Magic function

Steven D'Aprano steve at REMOVE-THIS-cybersource.com.au
Sat Jan 12 06:17:59 CET 2008


On Fri, 11 Jan 2008 19:36:24 -0800, Michael Tobis wrote:

> On Jan 11, 8:40 pm, Steven D'Aprano <st... at REMOVE-THIS-
> cybersource.com.au> wrote:
> 
>> Read the OP's post again. His (her?) users aren't expected to create
>> the toolkit, merely to use it. To create good toolkits you need both a
>> master programmer and an expert in the field. It is an advantage if
>> they are the same person. But to use such a good toolkit, you shouldn't
>> need to be a master programmer.
> 
> It appears we are in agreement, then.
> 
> But that leaves me in a position where I can't understand your
> complaint. There's no reason I can see for the sort of compromise you
> ask for.

What compromise do you think I'm asking for?

I'm suggesting that the scientists be given a brief, introductory 
education in *how to use their tool*, namely, Python.

Instead of creating some sort of magic function that "just works" (except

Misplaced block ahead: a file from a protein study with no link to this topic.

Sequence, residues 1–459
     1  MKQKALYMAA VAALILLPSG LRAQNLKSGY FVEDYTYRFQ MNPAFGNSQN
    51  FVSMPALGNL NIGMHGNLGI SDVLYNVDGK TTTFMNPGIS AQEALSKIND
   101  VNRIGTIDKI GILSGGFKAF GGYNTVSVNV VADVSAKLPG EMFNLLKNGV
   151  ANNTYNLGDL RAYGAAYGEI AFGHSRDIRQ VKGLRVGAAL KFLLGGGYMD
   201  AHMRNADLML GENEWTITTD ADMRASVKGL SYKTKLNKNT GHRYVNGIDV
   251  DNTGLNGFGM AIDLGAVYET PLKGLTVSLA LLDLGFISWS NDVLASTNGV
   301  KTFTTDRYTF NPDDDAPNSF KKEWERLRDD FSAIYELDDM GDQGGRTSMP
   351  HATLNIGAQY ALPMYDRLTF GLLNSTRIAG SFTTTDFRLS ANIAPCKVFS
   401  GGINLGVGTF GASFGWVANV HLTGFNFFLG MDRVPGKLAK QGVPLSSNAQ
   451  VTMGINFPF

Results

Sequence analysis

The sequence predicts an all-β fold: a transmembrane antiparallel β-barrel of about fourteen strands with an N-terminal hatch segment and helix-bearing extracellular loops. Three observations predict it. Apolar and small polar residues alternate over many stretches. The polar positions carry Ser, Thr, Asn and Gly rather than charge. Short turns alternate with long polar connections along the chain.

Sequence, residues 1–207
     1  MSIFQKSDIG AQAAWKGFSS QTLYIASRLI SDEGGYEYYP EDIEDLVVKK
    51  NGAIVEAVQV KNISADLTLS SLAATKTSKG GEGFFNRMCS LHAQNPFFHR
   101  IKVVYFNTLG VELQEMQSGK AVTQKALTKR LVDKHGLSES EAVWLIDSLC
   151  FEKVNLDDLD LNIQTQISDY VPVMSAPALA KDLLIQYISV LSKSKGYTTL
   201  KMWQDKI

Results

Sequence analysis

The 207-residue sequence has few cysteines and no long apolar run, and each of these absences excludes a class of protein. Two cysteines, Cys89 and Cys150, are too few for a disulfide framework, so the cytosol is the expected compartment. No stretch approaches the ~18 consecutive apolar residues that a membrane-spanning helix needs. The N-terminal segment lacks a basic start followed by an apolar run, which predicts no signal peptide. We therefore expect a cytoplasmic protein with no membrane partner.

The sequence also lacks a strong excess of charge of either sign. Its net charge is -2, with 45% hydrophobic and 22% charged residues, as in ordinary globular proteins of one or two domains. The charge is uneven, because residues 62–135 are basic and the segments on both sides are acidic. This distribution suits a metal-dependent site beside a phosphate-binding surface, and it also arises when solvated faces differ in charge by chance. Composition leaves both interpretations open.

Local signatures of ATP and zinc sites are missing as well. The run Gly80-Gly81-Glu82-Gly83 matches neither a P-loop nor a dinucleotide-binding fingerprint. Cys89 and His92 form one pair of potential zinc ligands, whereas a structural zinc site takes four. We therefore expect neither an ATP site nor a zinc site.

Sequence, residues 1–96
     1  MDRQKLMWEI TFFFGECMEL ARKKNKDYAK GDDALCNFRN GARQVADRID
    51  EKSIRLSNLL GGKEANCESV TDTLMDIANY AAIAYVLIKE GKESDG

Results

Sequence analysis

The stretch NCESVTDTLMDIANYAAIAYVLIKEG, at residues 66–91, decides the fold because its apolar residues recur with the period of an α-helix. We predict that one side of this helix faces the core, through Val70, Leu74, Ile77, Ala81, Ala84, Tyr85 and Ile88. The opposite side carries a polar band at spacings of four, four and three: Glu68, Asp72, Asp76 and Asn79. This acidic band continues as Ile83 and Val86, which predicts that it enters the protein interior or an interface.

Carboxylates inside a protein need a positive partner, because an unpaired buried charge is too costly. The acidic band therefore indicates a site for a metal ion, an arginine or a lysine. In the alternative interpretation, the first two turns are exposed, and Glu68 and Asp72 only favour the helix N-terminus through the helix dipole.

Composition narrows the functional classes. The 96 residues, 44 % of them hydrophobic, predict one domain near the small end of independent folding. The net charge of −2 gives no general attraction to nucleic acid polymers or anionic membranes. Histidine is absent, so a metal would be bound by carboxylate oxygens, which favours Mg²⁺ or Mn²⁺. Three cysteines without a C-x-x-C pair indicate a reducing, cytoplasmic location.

when it doesn't) by doing some sort of implicit "grab every object of 
type Obj() you can find and do processing on that", stick to the more 
reliable and safer technique of having the programmer explicitly provide 
the objects she wants to work with.


> Clean abstractions benefit from their cleanliness.

An automatic "run()" that uses a bunch of stuff you can't see as input is 
not a clean abstraction. "Do What I Mean" functions have a long and 
inglorious history of not doing what the user meant.

There's a fundamental difference between (say) Python's automatic garbage 
collection and what the OP is suggesting. Explicitly deleting variables 
is almost always the sort of trivial incantation you rightly decry. The 
computer can tell when a variable is no longer reachable, and therefore 
is safe to delete. But the computer can't safely tell when the user wants 
to use a variable as input to a function. The user needs to explicitly 
tell the computer what is input and what isn't.

The OP is suggesting taking that decision out of the hands of the user, 
and making every variable of type Obj automatically input. If you think 
that's a good idea, consider a programming tool kit with a function sum() 
which inspects every variable you have and adds up every one that is a 
number.



> It's not clear that this is the sort of application where cutting
> corners makes sense, so I don't see how your advice is justified.

Sorry, are you suggesting that training the scientists to use their tools 
is cutting corners? Because I'd call the OP's suggestion to use magic 
functions a dangerous, ill-conceived cut corner.


-- 
Steven



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